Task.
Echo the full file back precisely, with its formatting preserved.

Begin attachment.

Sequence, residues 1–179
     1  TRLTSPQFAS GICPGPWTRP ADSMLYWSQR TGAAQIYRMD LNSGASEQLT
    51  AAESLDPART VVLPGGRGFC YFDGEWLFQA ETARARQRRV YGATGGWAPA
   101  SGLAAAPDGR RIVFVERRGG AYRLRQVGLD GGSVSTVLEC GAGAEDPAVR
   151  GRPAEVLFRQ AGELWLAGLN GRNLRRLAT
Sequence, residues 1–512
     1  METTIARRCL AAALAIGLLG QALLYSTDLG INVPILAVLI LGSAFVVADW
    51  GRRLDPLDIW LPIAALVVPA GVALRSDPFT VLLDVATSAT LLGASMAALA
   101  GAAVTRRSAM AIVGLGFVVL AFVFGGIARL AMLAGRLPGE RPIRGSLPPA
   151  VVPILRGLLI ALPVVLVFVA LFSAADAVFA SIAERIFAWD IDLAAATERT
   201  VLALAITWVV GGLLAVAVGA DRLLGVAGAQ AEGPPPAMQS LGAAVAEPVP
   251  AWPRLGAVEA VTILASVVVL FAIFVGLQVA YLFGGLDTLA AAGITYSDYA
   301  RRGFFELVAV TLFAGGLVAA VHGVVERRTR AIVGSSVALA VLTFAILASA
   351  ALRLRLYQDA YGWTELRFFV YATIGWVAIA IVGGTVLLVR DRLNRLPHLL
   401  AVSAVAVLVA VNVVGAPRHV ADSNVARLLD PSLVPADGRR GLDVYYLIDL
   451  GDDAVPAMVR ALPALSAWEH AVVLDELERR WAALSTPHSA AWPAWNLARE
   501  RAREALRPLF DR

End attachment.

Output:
Sequence, residues 1–179
     1  TRLTSPQFAS GICPGPWTRP ADSMLYWSQR TGAAQIYRMD LNSGASEQLT
    51  AAESLDPART VVLPGGRGFC YFDGEWLFQA ETARARQRRV YGATGGWAPA
   101  SGLAAAPDGR RIVFVERRGG AYRLRQVGLD GGSVSTVLEC GAGAEDPAVR
   151  GRPAEVLFRQ AGELWLAGLN GRNLRRLAT
Sequence, residues 1–512
     1  METTIARRCL AAALAIGLLG QALLYSTDLG INVPILAVLI LGSAFVVADW
    51  GRRLDPLDIW LPIAALVVPA GVALRSDPFT VLLDVATSAT LLGASMAALA
   101  GAAVTRRSAM AIVGLGFVVL AFVFGGIARL AMLAGRLPGE RPIRGSLPPA
   151  VVPILRGLLI ALPVVLVFVA LFSAADAVFA SIAERIFAWD IDLAAATERT
   201  VLALAITWVV GGLLAVAVGA DRLLGVAGAQ AEGPPPAMQS LGAAVAEPVP
   251  AWPRLGAVEA VTILASVVVL FAIFVGLQVA YLFGGLDTLA AAGITYSDYA
   301  RRGFFELVAV TLFAGGLVAA VHGVVERRTR AIVGSSVALA VLTFAILASA
   351  ALRLRLYQDA YGWTELRFFV YATIGWVAIA IVGGTVLLVR DRLNRLPHLL
   401  AVSAVAVLVA VNVVGAPRHV ADSNVARLLD PSLVPADGRR GLDVYYLIDL
   451  GDDAVPAMVR ALPALSAWEH AVVLDELERR WAALSTPHSA AWPAWNLARE
   501  RAREALRPLF DR